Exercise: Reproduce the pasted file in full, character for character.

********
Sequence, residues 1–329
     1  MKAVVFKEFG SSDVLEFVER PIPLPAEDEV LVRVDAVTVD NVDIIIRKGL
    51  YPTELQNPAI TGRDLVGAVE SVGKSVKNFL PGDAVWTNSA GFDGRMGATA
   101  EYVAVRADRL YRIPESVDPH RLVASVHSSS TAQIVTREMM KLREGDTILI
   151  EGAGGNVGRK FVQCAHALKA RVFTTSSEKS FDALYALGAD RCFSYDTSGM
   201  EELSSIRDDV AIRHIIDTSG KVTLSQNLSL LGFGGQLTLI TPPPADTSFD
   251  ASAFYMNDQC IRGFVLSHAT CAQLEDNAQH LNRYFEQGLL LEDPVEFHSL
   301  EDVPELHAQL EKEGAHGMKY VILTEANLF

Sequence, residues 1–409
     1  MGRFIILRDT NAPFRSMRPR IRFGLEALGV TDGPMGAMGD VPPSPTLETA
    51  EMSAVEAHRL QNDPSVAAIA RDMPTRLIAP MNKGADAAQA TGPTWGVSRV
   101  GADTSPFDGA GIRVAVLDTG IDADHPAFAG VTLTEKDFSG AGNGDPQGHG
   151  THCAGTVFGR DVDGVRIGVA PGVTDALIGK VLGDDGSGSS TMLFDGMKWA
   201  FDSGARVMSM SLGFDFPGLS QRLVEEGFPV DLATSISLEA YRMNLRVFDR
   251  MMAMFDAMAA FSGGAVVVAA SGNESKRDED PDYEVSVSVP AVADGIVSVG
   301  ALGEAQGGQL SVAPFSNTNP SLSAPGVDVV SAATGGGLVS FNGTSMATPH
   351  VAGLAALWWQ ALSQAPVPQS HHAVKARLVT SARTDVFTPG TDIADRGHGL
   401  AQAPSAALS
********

Sequence, residues 1–329
     1  MKAVVFKEFG SSDVLEFVER PIPLPAEDEV LVRVDAVTVD NVDIIIRKGL
    51  YPTELQNPAI TGRDLVGAVE SVGKSVKNFL PGDAVWTNSA GFDGRMGATA
   101  EYVAVRADRL YRIPESVDPH RLVASVHSSS TAQIVTREMM KLREGDTILI
   151  EGAGGNVGRK FVQCAHALKA RVFTTSSEKS FDALYALGAD RCFSYDTSGM
   201  EELSSIRDDV AIRHIIDTSG KVTLSQNLSL LGFGGQLTLI TPPPADTSFD
   251  ASAFYMNDQC IRGFVLSHAT CAQLEDNAQH LNRYFEQGLL LEDPVEFHSL
   301  EDVPELHAQL EKEGAHGMKY VILTEANLF

Sequence, residues 1–409
     1  MGRFIILRDT NAPFRSMRPR IRFGLEALGV TDGPMGAMGD VPPSPTLETA
    51  EMSAVEAHRL QNDPSVAAIA RDMPTRLIAP MNKGADAAQA TGPTWGVSRV
   101  GADTSPFDGA GIRVAVLDTG IDADHPAFAG VTLTEKDFSG AGNGDPQGHG
   151  THCAGTVFGR DVDGVRIGVA PGVTDALIGK VLGDDGSGSS TMLFDGMKWA
   201  FDSGARVMSM SLGFDFPGLS QRLVEEGFPV DLATSISLEA YRMNLRVFDR
   251  MMAMFDAMAA FSGGAVVVAA SGNESKRDED PDYEVSVSVP AVADGIVSVG
   301  ALGEAQGGQL SVAPFSNTNP SLSAPGVDVV SAATGGGLVS FNGTSMATPH
   351  VAGLAALWWQ ALSQAPVPQS HHAVKARLVT SARTDVFTPG TDIADRGHGL
   401  AQAPSAALS